NHL GameCenter allows you to watch regular-season games from the current season and recent past seasons, though the past season games are not accessible on mobile devices.
NHL.TV allows you to watch regular-season games from the current season and recent past seasons, though the past season games are not accessible on mobile devices.

NHL Vault's dedicated site also includes every regular-season game from recent past seasons. That collection goes back to the 2009-10 season, and it's pretty cool.

The downside to these NHL Vault features is that they're not available on mobile devices. You can only watch NHL Vault on your computer or through non-mobile apps (like the one for Xbox).


NHL.TV works on a fairly robust selection of devices. It's pretty effective and easy to use on all of them. There are a few more quirks than with, which remains the best of the sports streaming services, but none of NHL.TV's quirks will ruin your experience.

The NHL's mobile app supports Chromecast, which is nice, though it's not done quite so crisply as one might hope. Casting a game to your television takes a series of taps. Apparently NHL.TV really wants to make super-duper sure that you really want to cast their content:

“Oh, so you'd like to Chromecast this?”


“Are you sure you'd like to Chromecast this?”



The most obnoxious thing we found when using Chromecast to view NHL.TV was that when we changed the feed (that is, to a different broadcast or camera angle), nothing happened on our TV – it just kept playing the original one. We had to disconnect from the Chromecast (at which point the proper feed started on our tablet) and then reconnect with it in order to make the change. It's not the end of the world, but it's pretty shoddy programing for an expensive service. This problem was observed when we were using an Android tablet.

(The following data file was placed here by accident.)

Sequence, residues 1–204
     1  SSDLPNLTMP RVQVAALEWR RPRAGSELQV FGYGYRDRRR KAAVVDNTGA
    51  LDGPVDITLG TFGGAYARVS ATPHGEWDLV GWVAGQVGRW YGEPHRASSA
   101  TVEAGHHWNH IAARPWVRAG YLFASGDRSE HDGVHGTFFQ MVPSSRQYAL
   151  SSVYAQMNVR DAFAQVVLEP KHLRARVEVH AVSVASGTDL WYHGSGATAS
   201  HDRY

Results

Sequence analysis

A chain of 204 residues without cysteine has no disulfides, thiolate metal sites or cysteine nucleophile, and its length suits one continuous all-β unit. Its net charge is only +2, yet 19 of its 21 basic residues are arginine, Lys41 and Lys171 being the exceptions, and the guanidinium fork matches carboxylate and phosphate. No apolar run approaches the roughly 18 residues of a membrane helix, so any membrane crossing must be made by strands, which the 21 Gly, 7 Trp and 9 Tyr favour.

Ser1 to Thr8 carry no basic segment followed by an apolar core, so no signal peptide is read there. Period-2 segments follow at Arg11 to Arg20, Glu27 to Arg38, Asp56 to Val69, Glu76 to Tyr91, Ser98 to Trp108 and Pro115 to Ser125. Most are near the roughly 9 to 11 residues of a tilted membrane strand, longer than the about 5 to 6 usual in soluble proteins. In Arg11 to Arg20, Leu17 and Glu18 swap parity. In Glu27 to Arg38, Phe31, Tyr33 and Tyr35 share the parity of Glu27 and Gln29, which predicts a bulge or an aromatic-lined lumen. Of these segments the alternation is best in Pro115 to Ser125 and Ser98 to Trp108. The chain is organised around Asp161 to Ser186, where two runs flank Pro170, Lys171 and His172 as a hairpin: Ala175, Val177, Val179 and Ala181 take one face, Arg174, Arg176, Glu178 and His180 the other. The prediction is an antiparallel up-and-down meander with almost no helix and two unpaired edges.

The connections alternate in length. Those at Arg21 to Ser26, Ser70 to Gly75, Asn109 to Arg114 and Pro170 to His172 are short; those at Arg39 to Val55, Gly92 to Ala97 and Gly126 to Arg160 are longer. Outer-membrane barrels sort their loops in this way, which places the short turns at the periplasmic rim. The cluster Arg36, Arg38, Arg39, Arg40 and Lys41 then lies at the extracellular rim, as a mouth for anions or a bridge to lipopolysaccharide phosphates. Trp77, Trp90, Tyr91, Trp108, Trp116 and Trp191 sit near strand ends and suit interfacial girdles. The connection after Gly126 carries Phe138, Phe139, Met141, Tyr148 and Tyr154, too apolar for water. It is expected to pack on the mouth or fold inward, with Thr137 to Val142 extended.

The NHL app running on iOS
The NHL app running on iOS

We didn't have serious trouble with any of the NHL.TV apps we tried, which included the Xbox, Android, iOS, and in-browser versions. They're all pretty simple and user-friendly, and they'll let you do the things you'd expect: choose between audio and video feeds, check scores, follow a favorite team, and so on.


At $131.49 or $24.99/month, the NHL's streaming service is significantly cheaper than the NBA's or the NFL's, but still quite a bit more than the MLB's. Whether this is too much money to spend depends on how much you love your hockey, but there's no question that you'll be paying more for fewer games than fans of baseball are – even though baseball is the more popular sport of the two.


Is NHL.TV worth $131.49? Well, it depends on how much you love hockey. But what we can tell you is that you can safely make your decision entirely about hockey: product quality isn't a concern, because NHL.TV delivers everything it says it will. It offers pretty reliable streaming across multiple platforms, a cool back-catalog of old games, and a pretty wide selection of match-ups (missing only, of course, games covered by your local and national broadcasts). Sure, we wish it was cheaper and as good as the near-flawless, but it's still a no-brainer for die-hards. If you're a big fan of hockey living outside your team's local market (or willing to use a VPN to illegally pretend you live elsewhere), we absolutely recommend it.